Bar-passage rates at the InfiLaw schools are now in a free fall. (The following percentages are for first-time takers of the July exam in the schools’ home states.) Florida Coastal’s bar-passage rate has fallen from 76 percent to 59 percent, Charlotte’s has fallen from 78 percent to 47 percent, and Arizona Summit’s has gone from 75 percent to an astonishing 30.6 percent.
This collapse has taken place despite the fact that, according to allegations in a lawsuit filed by a former Arizona Summit administrator, all three schools have been offering money to graduates who the schools identified as being at especially high risk for failure, to get them to hold off on taking the bar exam. Indeed, in July Arizona Summit’s dean confirmed that she had called various graduates the night before the exam, imploring them to consider the “opportunity” to withdraw from the test, in exchange for a $10,000 living stipend, that would be paid to them if they enrolled in enhanced bar-preparation courses provided by the school.
The InfiLaw schools’ bar-passage numbers are almost certain to get even worse. Although the schools reduced their admissions standards drastically in 2012, they have since cut them further, to the point where they are now admitting huge numbers of students with credentials including lower LSAT scores and GPAs that would have barred them from getting into these schools three years ago. The admissions process at the InfiLaw schools is now close to a fully open-enrollment system, that inevitably matriculates many people who have little chance of ever passing a bar exam.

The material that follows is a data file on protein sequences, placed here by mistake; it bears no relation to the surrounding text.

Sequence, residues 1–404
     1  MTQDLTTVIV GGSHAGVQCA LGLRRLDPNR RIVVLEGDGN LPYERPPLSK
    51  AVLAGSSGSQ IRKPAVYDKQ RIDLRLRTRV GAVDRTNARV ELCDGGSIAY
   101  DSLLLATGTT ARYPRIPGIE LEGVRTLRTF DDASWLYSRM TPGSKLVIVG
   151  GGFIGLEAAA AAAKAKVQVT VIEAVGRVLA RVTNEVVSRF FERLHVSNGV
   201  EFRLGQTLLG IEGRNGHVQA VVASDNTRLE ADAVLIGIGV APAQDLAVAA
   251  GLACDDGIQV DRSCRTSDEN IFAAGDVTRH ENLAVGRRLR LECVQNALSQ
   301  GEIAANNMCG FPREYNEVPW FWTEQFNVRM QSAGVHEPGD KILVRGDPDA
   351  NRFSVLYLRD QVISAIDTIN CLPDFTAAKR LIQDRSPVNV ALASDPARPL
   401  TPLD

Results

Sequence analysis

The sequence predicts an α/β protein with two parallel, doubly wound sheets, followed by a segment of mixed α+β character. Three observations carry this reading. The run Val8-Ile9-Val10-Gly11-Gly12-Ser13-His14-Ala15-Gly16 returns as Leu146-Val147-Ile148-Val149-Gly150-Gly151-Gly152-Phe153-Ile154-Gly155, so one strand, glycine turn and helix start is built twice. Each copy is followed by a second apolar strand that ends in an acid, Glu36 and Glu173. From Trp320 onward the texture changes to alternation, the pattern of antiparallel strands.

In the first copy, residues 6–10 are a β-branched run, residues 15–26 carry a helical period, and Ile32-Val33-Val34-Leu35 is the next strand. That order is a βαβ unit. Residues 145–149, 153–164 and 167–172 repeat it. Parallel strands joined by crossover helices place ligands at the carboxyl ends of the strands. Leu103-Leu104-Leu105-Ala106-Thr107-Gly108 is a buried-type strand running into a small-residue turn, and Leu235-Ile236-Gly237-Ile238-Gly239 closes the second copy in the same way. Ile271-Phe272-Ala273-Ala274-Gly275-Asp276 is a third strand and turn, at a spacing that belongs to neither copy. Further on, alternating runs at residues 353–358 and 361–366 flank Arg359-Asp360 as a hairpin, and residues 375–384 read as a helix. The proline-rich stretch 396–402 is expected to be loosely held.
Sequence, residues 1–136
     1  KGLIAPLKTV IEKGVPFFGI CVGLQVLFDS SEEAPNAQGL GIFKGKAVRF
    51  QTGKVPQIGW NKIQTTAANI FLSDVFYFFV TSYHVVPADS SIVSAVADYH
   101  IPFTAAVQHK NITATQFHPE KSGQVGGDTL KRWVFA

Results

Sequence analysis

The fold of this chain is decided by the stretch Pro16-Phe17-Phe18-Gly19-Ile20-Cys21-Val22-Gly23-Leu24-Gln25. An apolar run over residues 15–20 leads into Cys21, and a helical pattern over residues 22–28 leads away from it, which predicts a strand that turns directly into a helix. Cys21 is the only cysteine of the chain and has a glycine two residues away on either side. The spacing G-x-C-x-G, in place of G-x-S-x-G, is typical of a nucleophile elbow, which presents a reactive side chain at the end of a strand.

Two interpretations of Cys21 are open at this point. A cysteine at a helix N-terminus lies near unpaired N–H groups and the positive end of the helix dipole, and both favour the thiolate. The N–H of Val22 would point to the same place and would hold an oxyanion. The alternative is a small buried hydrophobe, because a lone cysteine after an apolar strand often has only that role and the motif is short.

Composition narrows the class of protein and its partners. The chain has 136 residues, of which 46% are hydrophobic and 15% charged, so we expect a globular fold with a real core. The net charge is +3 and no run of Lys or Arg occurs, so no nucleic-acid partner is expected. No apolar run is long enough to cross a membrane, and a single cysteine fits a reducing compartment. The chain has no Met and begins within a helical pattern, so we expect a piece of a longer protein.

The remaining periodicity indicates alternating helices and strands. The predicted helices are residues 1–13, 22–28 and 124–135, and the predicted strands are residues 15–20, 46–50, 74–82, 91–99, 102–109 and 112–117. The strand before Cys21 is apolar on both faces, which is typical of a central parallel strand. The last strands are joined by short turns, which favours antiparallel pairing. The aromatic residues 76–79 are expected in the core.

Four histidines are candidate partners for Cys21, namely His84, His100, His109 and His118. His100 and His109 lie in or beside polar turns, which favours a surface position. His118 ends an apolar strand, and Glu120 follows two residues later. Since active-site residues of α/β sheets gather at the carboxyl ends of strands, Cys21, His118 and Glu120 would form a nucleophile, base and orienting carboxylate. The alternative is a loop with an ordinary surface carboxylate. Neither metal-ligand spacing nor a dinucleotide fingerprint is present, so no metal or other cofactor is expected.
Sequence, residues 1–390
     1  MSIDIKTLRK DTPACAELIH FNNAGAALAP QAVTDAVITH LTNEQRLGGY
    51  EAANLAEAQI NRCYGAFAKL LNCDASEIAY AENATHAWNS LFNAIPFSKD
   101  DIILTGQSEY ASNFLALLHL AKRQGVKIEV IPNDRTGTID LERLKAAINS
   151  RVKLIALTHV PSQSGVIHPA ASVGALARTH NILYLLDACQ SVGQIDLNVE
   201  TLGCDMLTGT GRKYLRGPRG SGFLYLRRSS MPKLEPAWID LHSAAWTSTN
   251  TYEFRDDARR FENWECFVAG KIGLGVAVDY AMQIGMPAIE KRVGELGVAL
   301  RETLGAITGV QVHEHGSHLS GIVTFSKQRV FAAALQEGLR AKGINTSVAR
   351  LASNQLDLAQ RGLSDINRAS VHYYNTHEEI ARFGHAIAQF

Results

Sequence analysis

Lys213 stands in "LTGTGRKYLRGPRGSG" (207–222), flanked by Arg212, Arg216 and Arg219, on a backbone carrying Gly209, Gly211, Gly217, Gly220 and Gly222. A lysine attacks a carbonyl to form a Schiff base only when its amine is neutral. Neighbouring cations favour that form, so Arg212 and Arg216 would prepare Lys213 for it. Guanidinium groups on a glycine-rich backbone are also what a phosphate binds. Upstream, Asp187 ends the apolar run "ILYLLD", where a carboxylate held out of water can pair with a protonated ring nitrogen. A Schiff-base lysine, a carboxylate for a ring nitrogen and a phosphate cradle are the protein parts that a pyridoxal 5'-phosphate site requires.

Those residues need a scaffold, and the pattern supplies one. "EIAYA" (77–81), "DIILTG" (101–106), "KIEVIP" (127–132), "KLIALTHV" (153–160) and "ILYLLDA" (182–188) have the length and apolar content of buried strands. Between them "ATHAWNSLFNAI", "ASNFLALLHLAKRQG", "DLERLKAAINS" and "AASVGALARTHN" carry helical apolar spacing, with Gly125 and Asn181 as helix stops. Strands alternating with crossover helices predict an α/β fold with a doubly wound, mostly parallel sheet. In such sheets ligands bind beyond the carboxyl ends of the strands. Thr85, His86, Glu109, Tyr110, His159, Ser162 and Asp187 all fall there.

InfiLaw is not only exploiting these students, but also taxpayers who will foot the bill when these students cannot repay the hundreds of millions of dollars they borrow. Because the schools are ABA-accredited (via a lax process epitomizing the dangers of regulatory capture) the federal government will loan the full cost of attendance to anyone they admit—even though it is likely that, given their entrance credentials, a very large percentage of InfiLaw’s current students will never pass a bar exam, let alone actually secure jobs as lawyers. (The full cost of attendance at these schools is now over $200,000.)
It would be bad enough if the collapse of law-school admissions standards, and the subsequent collapse of bar-passage rates, were limited to a handful of especially egregious bad actors in the world of for-profit higher education. But as I argued last year, the same basic path followed by Infilaw is now being taken by dozens of other law schools, almost all of which are nonprofits. The only difference between these schools and the InfiLaw group is that most of them waited a year or two longer before reducing their admissions standards in response to plummeting application numbers, and that therefore it will take another year or two before this is reflected in the national bar-exam results.